This is a 1 ½-story eave-entry gable-roofed barn. The eave-side entry façade faces approximately south and the ridge-line of the barn is perpendicular to this portion of the road. The main entry is an opening that appears to have no doors, and is approached by an above-grade concrete ramp. The flush-board siding surrounding the entry is different from the board-and-batten siding on the remainder of the barn, suggesting that the original entry was larger. The west bay of the façade has a single fixed four-pane window flanked by single pass-through doors, which have been boarded over, although one of the exterior swinging doors remains attached by one hinge. There is a single pass-through door in the east corner of the façade.
The west gable-end has a barn door opening in the north corner with an exterior sliding door. There is also a six-over-six double-hung window high in the south corner, just below the girt line siding divide. The land slopes down towards the north, revealing a concrete foundation in the north eave-side and east gable-end of the barn.
The north eave-side of the barn has a set of three fixed four-pane windows with shared trim in the west corner and a single interior-swinging pass-through door in the north half, which is approached by steps. The northeast gable-end of the barn has three small openings evenly spread across the main level, which appear to be boarded over. Below the girt line siding divide in the east corner there is a double-hung window. There is also a window opening high in the gable attic.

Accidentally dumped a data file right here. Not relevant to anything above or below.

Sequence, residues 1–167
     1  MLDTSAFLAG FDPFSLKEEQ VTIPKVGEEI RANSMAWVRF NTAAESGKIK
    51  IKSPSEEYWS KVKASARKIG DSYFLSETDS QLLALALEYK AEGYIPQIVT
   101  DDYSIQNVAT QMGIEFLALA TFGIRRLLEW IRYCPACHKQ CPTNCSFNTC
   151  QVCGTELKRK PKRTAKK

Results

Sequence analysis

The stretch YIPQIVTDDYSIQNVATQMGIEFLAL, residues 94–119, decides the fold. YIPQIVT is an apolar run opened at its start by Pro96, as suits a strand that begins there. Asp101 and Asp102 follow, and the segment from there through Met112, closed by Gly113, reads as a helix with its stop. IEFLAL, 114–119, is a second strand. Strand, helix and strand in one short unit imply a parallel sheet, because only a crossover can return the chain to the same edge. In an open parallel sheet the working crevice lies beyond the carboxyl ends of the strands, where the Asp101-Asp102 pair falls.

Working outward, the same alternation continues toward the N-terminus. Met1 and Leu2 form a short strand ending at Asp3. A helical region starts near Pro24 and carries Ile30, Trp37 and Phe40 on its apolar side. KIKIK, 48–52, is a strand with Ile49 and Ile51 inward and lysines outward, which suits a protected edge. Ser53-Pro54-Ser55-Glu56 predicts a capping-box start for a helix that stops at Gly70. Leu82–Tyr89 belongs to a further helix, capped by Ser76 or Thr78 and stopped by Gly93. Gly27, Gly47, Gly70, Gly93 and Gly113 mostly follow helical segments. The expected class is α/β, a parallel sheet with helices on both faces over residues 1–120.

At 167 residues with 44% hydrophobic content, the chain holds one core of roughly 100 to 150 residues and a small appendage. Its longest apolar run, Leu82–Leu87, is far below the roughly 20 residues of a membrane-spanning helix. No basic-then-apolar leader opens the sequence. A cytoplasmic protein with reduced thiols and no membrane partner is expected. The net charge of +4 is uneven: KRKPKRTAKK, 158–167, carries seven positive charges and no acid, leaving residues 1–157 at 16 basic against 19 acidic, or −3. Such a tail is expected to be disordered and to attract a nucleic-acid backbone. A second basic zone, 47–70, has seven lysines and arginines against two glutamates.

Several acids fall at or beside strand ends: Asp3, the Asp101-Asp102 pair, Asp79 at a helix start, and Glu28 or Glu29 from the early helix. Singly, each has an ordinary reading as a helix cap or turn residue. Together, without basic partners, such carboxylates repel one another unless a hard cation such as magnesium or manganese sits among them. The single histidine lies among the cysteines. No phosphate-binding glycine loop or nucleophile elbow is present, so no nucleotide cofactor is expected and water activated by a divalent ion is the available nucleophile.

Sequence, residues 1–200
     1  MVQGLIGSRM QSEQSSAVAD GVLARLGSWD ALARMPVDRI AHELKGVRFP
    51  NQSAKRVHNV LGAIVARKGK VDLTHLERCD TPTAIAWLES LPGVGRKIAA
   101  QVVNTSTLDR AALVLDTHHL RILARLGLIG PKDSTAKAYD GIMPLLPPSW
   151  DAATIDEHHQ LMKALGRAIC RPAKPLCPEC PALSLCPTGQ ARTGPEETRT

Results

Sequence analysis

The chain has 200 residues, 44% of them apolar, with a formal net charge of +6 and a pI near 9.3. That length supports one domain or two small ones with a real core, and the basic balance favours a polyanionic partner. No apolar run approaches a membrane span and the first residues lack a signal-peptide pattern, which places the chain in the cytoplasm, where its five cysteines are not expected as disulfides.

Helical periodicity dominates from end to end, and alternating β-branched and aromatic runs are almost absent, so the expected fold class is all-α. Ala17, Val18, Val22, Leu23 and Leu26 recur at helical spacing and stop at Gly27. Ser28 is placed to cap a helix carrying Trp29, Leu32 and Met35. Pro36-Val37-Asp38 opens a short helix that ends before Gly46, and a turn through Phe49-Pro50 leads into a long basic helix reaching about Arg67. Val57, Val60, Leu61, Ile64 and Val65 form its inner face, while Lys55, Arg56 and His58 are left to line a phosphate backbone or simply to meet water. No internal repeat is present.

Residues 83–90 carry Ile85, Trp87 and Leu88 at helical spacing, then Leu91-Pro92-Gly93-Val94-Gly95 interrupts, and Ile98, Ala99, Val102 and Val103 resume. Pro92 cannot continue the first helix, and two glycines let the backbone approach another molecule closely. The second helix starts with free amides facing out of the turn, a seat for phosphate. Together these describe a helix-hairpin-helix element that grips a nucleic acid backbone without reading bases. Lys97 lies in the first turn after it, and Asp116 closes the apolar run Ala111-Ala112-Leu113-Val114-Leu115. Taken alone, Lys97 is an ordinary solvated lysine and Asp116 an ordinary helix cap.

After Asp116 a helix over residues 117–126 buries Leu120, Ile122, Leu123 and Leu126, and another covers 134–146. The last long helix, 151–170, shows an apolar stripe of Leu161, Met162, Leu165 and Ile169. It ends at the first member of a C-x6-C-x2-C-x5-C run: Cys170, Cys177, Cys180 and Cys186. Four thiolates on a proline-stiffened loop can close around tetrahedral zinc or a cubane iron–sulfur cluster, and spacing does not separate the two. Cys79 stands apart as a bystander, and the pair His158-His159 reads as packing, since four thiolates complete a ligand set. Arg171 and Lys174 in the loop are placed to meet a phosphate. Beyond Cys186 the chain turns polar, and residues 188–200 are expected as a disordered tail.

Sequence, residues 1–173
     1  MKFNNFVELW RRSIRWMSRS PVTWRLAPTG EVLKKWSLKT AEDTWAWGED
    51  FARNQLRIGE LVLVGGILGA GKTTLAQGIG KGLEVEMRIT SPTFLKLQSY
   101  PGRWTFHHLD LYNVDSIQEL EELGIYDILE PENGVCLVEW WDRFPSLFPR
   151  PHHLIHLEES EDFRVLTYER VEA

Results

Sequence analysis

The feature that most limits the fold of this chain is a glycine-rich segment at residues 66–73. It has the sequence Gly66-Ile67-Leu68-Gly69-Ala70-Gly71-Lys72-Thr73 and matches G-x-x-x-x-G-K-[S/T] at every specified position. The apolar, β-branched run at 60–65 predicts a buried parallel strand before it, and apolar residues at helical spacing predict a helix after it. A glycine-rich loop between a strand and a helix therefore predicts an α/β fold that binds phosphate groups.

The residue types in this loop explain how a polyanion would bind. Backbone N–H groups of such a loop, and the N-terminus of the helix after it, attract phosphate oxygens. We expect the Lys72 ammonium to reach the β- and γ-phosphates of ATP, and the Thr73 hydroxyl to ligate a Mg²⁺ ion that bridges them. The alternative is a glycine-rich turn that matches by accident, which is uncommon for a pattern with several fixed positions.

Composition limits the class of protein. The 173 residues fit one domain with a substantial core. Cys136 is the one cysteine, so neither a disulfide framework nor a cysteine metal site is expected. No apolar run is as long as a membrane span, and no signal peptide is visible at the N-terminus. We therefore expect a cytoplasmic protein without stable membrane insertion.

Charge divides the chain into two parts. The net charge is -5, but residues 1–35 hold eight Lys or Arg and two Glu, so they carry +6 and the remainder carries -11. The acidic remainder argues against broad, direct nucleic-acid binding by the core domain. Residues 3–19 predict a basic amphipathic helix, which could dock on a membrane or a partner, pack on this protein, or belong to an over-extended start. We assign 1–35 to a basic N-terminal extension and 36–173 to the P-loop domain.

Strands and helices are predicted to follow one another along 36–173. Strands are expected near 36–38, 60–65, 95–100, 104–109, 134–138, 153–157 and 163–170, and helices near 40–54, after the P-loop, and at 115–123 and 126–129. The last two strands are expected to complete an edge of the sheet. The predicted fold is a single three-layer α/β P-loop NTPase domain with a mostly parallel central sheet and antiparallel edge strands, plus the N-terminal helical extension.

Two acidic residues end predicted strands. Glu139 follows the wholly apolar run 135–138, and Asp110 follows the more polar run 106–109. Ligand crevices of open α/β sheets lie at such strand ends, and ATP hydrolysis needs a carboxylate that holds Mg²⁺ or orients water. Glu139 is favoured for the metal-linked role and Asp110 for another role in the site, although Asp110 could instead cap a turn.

The barn has unpainted vertical board-and-batten siding and faded white trim. The roof is covered with rusting corrugated metal panels.
The oldest barns still found in the state are called the "English Barn,” “side-entry barn,” “eave entry,” or a 30 x 40. They are simple buildings with rectangular plan, pitched gable roof, and a door or doors located on one or both of the eave sides of the building based on the grain warehouses of the English colonists' homeland. The name “30 by 40” originates from its size (in feet), which was large enough for 1 family and could service about 100 acres. The multi-purpose use of the English barn is reflected by the building's construction in three distinct bays - one for each use. The middle bay was used for threshing, which is separating the seed from the stalk in wheat and oat by beating the stalks with a flail. The flanking bays would be for animals and hay storage.
Located along the historic main route from Hartford to Willimantic, Norwich, and Providence, this farm was situated on a terrace above the floodplain of the Hop River which provided fertile farmland.
1700's barn owner stated it is an English three bay was moved in 1920's